I then attached the landing gear. With everything being “scale size” this was a fragile assembly, which I reinforced with some CA glue at the attachment of the axle to the gear leg so it wouldn’t bend under the weight of the model, and strengthened the joint of the gear legs similarly. Since this is all hidden by the wheel, nothing is really apparent at the end. I also realized the tail skid was going to be weak, so I covered it in a thin coat of CA glue which atrengthened it considerably – as it turned out I needed to add a bit more CA glue when the model was completed, as that skid is really thin. (As it turned out, after only 4 days sitting on its gear, the kit tailskid collapsed even with reinforcement. I ended up making one of stronger – and a bit thicker – material; there are times when kit reality should supercede recreating actual reality.)
Painting and Markings:
I first applied a thinned coat of Tamiya X-1 Gloss Black. Vallejo metal paints react to the surface of the primer; for most NMF airplanes one doesn’t want a fully-glossy finish, so using X-18 Semi-gloss Black is good. But these airplanes were super well-maintained, so I used gloss for the primer.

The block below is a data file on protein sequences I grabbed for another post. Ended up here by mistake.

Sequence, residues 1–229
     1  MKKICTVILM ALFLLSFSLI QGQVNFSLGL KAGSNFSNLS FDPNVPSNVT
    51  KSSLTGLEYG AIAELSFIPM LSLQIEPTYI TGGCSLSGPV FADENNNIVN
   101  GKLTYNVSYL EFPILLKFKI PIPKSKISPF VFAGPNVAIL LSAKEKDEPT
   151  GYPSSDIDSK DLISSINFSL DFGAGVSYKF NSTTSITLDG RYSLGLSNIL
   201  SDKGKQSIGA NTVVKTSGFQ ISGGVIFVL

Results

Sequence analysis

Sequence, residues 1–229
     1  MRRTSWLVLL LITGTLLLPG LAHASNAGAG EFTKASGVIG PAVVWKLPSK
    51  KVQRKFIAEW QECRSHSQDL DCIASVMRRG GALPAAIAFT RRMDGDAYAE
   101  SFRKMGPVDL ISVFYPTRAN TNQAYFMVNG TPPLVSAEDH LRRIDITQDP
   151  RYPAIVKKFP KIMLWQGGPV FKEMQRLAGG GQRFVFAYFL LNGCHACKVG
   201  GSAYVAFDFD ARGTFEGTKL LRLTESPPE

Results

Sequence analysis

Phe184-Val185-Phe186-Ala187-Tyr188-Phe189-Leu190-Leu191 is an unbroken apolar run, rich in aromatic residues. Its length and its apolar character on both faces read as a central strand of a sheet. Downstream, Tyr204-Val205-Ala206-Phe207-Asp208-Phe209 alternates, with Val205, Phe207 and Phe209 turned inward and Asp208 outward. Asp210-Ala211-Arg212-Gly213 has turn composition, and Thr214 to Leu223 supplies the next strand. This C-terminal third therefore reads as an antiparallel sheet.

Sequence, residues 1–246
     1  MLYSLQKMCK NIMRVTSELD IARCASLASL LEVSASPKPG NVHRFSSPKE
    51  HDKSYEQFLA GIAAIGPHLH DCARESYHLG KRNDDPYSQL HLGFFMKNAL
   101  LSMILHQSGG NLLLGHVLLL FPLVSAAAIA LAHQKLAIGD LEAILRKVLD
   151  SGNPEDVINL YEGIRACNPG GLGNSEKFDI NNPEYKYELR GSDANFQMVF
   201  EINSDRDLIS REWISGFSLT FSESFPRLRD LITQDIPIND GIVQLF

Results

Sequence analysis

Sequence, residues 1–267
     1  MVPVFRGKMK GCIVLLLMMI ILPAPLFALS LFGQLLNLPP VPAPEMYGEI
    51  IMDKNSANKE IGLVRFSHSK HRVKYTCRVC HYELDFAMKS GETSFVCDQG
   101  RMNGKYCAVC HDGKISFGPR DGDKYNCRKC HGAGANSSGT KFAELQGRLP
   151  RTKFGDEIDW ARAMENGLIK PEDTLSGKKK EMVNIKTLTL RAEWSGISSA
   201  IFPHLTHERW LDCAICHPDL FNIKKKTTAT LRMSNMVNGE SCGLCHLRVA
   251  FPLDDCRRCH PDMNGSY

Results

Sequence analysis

The fabric areas were then painted Vallejo Aluminum. When dry, a thin coat of Satin Clear was applied to protect the finish. The cowling was painted with a 50-50 mixture of Aluminum and Duraluminum, then covered with a coat of Future to make it look like “polished aluminum.”
I used the Pheon Decals Demon sheet to make the airplane of the 23 Squadron CO. These went on without problem. The only problem was Pheon does not provide the wing insignia, since the sheet was originally designed to be used with John Adams’ vacuform kit which has accurate insignia. I was able to source some prewar British national insignia the right size from the decal dungeon.